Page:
Operation Magic Carpet 1943-1945
Personnel sling hammocks where available during transport back to the States on board Intrepid (CV 11) as part of Operation Magic Carpet. This image is part of a photograph album detailing the wartime service of the carrier Intrepid (CV 11) in the Pacific during World War II.Courtesy of The National Museum of Naval Aviation
Operation Magic Carpet 1943-1945
Operation Magic Carpet 1945
Operation Magic Carpet 1943-1945
Operation Magic Carpet 1945
Operation Magic Carpet 1945
Personnel sling hammocks where available during transport back to the States on board Intrepid (CV 11) as part of Operat
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Courtesy of The National Museum of Naval Aviation
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The Race to Get World War II Veterans Home in Time for Christmas

Dec 21, 2015

Christmas in America had been anxious and somber during the four years of World War II. The peril and sacrifice of war was hard to reconcile with memories of the joyfulness of pre-War holidays, and by 1944 many American servicemen and women shared one particular Christmas wish: to be “Home Alive by ’45.”

That year, as war drew to a close in both Europe and the Pacific, it seemed possible that the wish might come true. But the war’s end hardly meant that the 2,000,000 men and women eligible for separation—those who could be done with active duty—were home in their civvies by the time the holiday rolled around. With all resources dedicated to winning the war, neither the Army nor the Navy had spent much time thinking through the logistics of bringing everyone home until after the fighting was finished. And so it was without too much preparation that Operation Magic Carpet began in September 1945 to bring the troops back home to the United States.

As Christmas approached, the Army and Navy launched Operation Santa Claus to expedite Operation Magic Carpet, with the goal of rushing as many eligible men and women home for the holiday as possible. But violent storms at sea and the volume of eligible servicemen conspired to thwart the high ambitions of these operations. And so throngs of American military personnel—some 250,000 in all, some with brand new discharge papers and some just a day or two away from separation—found themselves back on American soil for Christmas 1945, but not quite home. Instead, they faced the worst air, rail and automobile traffic jams in history. The rule of thumb in the days immediately preceding Christmas 1945 was that a westbound train would be about 6 hours late, and an eastbound train about 12 hours.

The predicament was met with overwhelming understanding and good nature among the servicemen. Upon being asked by a newspaper reporter what he thought about being among the 150,000 who were stranded along the West Coast for Christmas, an Army Private trying to get home to Texas responded that simply stepping on U.S. soil was, “the best Christmas present a man could have.”

Civilians near the West Coast “separation centers,” where soldiers and sailors were being relieved from active duty, enthusiastically opened their homes to the new and soon-to-be veterans, while many of the 50,000 men and women awaiting discharge from points along the Eastern Seaboard were required to have Christmas dinner at the separation center itself, or sometimes even on the ships which had just brought them there. But even then hardly a complaint was heard, as the troops enjoyed hearty meals provided by the Army and Navy while noting that this year ration tins were nowhere to be found.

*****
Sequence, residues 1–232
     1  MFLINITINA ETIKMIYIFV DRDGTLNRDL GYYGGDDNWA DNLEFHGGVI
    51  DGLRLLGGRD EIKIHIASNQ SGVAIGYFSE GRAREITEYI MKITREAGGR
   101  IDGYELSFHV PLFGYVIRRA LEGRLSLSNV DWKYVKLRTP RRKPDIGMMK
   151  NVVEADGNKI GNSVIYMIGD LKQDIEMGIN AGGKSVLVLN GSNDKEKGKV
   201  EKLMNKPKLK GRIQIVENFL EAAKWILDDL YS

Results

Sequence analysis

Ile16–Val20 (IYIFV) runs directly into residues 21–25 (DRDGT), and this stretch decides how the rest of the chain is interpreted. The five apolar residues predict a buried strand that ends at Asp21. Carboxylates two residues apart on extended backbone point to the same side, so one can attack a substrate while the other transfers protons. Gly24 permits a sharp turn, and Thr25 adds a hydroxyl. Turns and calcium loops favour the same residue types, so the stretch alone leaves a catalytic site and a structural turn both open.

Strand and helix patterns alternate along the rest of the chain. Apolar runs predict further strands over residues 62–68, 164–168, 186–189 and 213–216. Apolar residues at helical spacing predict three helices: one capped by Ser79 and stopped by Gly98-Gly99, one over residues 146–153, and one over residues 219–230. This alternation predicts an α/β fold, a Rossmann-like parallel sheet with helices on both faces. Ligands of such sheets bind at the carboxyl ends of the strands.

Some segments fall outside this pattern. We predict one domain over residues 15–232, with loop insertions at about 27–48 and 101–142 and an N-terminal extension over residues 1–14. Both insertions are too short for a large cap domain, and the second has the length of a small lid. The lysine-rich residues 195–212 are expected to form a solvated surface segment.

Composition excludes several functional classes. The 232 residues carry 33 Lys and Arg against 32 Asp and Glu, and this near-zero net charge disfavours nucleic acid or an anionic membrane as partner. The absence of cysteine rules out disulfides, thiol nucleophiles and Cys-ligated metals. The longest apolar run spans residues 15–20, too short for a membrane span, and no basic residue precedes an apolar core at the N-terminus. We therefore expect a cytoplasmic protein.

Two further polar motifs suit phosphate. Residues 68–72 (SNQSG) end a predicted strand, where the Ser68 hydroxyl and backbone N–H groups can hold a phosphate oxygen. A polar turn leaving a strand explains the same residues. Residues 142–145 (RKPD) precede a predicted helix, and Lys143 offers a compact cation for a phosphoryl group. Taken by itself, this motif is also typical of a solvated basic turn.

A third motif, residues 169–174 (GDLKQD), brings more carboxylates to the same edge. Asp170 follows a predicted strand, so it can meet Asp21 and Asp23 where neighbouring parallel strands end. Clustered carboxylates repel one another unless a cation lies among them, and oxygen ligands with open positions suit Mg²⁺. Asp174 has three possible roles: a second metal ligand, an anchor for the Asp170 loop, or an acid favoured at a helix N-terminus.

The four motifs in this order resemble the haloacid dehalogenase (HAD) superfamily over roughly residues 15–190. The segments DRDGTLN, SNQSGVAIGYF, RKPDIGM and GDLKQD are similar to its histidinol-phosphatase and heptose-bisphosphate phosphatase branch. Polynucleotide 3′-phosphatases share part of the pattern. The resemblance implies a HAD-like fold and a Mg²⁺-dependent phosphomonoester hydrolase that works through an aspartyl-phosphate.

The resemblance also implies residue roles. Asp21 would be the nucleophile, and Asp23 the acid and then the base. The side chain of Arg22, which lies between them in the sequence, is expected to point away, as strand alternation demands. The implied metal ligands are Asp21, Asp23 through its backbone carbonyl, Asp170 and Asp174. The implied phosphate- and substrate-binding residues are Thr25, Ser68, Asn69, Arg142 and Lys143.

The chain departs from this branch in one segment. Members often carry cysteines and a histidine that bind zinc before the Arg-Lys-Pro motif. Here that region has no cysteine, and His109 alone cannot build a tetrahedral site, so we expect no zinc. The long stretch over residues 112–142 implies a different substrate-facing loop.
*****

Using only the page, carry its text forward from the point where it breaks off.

As reported in the New York Times: “tens of thousands of tired troops, dreaming of a white Christmas, are seeing enough of it from (train) car windows to last them a lifetime.” A full 94% of the passengers on trains originating from the West Coast on Dec. 24, 1945, were military or recently discharged military personnel. Even recently minted veterans unfortunate enough to still be in route between their separation center and home on Christmas were cheerful about their holiday circumstances. Christmas dinner with their families would be eaten on whatever day they arrived home, it hardly mattered whether it was December 25 or a few days later.

Goodwill was everywhere. Civilians gifted their train tickets to returning servicemen and women. Others threw spirited, though condensed, parties for the trainloads of veterans who had even just short stopovers at their town’s station. In at least one instance, a trainload of vets returned the favor by spending their 20-minute layover in Salt Lake City taking up a collection of $125 ($1,650 in 2015 dollars) for a local charitable cause they learned about at the newsstand during the stop.

Citizens even volunteered to sacrifice Christmas with their own families to get veterans home before the New Year. A Colorado trucker drove 35 veterans marooned in Denver to their homes in Dallas and 34 points in between. The driver refused to accept payment, insisting the men spend the money on presents for their families. A Los Angeles taxi driver drove a carload of six new veterans 2,700 miles home to Chicago. Another drove six veterans from L.A. to their homes in Manhattan, The Bronx, Pittsburgh, Long Island, Buffalo and New Hampshire in exchange for nothing but the cost of gas.

“This is the Christmas that a war-weary world has prayed for…” proclaimed President Truman at the National Tree lighting ceremony on Dec. 24, 1945 – and Americans did everything they could to give their servicemen and women the holiday they deserved.

Matthew Litt is the author of Christmas 1945 – The Greatest Celebration in American History and the founder of the Bashful Buffalo American History Co. He was an adjunct legal writing professor at Seton Hall Law School and a practicing attorney before leaving the law to follow his bliss—American history.

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